Good Jobs, Bad Jobs

Kalleberg, Arne L. (2016). Good Jobs, Bad Jobs. In Edgell, Stephen, Gottfried, Heidi & Granter, Edward (Eds.), The SAGE Handbook of the Sociology of Work and Employment (pp. 111-28). Los Angeles: SAGE Publications.

Kalleberg, Arne L. (2016). Good Jobs, Bad Jobs. In Edgell, Stephen, Gottfried, Heidi & Granter, Edward (Eds.), The SAGE Handbook of the Sociology of Work and Employment (pp. 111-28). Los Angeles: SAGE Publications.

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Creating good jobs and avoiding bad jobs are major priorities for all nations because work is central to human welfare and to the functioning of organizations and societies. The notion of job quality communicates that it is the nature of work that is important to workers, not just whether they have any job at all. Job quality has been historically a major theme in the study of work and employment, and has always attracted a great deal of attention from a diverse group of social scientists. The prevalence of bad jobs – such as marginal and irregular work – was common among the laboring classes in industrial countries in the nineteenth century. The ratio of good jobs to bad jobs increased sharply in the twentieth century – especially during the high rates of economic growth after World War II – as unions and governments in many countries helped to construct labor market institutions that provided relatively well-paying and secure jobs.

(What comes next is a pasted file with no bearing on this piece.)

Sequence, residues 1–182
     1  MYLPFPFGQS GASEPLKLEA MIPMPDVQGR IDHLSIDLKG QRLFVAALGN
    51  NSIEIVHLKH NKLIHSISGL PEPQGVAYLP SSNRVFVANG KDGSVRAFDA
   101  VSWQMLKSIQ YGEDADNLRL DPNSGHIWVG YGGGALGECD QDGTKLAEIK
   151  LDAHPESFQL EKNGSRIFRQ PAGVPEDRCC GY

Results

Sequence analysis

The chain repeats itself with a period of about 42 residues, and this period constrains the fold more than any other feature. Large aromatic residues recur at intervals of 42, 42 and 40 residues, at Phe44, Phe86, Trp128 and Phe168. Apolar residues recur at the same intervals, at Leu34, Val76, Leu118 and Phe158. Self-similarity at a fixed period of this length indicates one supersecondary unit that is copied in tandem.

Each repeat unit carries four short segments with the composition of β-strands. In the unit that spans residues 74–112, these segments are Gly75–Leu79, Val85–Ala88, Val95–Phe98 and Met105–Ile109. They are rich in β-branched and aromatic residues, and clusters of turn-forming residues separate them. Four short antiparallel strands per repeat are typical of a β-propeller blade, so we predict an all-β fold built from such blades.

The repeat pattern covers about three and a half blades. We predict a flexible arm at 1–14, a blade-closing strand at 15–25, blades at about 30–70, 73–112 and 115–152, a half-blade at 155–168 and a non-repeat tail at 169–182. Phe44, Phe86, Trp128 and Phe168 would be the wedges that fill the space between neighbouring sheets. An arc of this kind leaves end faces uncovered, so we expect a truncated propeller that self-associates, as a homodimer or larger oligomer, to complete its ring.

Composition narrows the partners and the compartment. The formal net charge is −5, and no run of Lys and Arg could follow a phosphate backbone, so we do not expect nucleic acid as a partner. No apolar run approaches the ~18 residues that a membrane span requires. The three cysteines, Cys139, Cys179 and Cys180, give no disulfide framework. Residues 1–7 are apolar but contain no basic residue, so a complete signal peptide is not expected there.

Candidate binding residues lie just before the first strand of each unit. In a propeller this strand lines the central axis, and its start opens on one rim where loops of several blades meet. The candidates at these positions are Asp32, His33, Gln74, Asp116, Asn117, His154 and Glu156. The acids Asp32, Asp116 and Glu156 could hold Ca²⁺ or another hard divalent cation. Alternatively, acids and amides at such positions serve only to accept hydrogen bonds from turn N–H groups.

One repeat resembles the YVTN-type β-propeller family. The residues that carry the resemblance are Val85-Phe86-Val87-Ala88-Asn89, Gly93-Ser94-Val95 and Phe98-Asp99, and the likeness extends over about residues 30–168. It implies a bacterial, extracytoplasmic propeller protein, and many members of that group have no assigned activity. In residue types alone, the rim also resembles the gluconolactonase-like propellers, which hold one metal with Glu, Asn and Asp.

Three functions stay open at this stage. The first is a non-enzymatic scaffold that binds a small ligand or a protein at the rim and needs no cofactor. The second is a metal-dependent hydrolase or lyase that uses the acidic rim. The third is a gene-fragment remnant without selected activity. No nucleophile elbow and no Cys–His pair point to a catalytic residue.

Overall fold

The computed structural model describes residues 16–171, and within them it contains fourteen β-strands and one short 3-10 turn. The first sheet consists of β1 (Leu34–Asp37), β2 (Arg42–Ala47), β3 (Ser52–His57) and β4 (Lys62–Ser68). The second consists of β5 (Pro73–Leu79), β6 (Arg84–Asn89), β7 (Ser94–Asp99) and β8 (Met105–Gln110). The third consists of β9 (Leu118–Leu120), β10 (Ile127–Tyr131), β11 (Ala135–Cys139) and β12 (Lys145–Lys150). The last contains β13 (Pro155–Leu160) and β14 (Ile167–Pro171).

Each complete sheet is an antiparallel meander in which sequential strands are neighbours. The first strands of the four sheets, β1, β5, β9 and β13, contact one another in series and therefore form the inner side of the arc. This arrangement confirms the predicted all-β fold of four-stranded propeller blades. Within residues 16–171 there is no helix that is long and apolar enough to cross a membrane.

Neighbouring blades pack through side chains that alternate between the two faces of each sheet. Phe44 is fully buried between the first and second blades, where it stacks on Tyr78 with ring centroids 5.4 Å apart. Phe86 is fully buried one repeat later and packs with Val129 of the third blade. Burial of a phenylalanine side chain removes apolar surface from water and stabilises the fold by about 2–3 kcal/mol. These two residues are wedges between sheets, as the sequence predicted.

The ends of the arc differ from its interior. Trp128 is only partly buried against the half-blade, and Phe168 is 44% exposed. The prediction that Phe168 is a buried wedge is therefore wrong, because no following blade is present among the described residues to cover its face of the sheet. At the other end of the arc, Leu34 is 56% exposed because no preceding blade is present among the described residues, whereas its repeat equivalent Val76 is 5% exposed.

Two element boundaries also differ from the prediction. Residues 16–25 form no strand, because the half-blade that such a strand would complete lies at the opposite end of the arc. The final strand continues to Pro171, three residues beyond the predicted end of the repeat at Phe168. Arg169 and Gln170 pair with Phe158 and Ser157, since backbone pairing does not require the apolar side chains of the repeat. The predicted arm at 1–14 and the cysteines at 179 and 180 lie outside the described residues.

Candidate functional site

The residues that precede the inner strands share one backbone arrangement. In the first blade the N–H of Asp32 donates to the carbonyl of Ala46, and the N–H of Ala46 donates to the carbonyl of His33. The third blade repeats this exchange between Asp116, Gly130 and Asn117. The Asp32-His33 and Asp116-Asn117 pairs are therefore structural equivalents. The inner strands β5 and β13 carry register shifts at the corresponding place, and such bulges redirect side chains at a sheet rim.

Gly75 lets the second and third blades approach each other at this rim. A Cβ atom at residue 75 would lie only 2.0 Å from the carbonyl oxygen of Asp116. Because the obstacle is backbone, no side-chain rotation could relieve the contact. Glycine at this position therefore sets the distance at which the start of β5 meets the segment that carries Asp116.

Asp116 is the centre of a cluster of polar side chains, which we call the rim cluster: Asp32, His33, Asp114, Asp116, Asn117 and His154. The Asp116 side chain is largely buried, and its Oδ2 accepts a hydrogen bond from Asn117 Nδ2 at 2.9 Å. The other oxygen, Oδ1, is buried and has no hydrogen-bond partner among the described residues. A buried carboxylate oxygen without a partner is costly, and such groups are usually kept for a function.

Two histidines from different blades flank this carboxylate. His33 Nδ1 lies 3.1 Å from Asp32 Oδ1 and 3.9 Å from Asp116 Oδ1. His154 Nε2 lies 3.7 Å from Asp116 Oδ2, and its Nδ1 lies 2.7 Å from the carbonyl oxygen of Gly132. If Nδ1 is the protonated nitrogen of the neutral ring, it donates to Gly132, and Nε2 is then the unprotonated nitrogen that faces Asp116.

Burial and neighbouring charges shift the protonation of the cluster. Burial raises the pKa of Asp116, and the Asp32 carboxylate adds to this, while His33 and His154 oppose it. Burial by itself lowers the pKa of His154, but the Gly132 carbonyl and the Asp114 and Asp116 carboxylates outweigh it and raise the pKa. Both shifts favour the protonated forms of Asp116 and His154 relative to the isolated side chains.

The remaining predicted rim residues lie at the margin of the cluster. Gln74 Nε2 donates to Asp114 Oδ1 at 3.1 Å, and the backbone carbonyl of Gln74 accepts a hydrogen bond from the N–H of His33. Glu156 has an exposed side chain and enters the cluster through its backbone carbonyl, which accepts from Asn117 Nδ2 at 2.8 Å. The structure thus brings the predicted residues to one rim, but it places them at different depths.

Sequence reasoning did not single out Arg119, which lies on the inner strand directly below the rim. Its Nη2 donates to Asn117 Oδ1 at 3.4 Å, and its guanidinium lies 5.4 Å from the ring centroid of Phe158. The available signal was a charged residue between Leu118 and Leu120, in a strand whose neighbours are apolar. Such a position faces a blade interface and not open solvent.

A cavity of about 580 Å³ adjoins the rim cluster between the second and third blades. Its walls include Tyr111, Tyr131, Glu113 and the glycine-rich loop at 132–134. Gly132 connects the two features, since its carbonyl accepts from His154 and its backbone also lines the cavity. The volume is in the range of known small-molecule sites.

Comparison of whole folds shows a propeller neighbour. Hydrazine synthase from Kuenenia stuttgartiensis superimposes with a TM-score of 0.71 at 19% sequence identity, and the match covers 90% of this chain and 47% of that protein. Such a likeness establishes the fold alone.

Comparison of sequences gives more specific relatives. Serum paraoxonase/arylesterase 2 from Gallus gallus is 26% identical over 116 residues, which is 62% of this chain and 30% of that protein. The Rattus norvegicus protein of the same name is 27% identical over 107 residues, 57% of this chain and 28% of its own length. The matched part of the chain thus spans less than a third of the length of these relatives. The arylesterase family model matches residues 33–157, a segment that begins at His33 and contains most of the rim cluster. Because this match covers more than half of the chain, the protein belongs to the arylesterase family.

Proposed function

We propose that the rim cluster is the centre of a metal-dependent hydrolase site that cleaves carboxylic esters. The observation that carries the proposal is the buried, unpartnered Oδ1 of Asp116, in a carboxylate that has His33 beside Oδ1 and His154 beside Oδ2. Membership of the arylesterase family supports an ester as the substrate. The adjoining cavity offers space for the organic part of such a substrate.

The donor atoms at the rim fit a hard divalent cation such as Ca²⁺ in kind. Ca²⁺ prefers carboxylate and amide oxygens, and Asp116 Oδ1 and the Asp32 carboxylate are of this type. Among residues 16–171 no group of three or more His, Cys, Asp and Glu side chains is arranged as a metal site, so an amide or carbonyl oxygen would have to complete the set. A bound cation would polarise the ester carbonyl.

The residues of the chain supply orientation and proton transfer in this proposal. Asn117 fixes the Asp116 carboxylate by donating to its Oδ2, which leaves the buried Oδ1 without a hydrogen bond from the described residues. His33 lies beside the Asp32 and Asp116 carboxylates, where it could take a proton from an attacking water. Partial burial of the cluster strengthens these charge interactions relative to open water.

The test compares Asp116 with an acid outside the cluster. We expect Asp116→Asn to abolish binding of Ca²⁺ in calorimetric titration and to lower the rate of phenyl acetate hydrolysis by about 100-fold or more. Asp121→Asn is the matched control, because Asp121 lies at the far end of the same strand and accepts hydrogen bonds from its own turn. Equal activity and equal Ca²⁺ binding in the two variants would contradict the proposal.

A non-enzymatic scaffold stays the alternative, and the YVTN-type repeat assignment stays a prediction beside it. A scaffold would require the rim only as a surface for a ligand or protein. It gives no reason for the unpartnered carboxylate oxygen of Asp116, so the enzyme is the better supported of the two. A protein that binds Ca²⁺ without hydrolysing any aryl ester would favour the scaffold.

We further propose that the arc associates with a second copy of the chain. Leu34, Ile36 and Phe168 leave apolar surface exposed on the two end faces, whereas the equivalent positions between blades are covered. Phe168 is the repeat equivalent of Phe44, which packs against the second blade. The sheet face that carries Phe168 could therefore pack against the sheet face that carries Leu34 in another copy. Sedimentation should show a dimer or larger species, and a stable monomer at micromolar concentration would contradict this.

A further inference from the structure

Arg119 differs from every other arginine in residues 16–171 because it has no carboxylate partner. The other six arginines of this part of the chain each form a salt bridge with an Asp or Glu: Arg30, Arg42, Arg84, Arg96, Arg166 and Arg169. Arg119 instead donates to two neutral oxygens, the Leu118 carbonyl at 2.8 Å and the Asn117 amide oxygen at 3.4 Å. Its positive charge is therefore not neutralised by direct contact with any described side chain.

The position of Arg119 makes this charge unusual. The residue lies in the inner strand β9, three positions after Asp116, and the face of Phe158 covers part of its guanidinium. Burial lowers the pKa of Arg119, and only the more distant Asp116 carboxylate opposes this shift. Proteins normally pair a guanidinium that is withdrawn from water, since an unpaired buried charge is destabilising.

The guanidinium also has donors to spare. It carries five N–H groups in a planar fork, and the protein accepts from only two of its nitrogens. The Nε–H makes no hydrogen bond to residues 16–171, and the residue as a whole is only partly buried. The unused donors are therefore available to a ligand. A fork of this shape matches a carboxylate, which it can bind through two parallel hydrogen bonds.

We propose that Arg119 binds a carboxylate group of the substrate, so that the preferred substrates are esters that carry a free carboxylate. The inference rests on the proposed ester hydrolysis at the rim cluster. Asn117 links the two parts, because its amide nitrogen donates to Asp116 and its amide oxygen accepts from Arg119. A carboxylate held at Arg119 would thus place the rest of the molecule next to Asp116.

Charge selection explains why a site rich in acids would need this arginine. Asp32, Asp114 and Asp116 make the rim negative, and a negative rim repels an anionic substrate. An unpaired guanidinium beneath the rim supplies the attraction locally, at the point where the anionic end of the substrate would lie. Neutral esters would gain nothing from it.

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The SAGE Handbook of the Sociology of Work and Employment


Kalleberg, Arne L.

Edgell, Stephen
Gottfried, Heidi
Granter, Edward


2016





111-28




SAGE Publications

Los Angeles





9783

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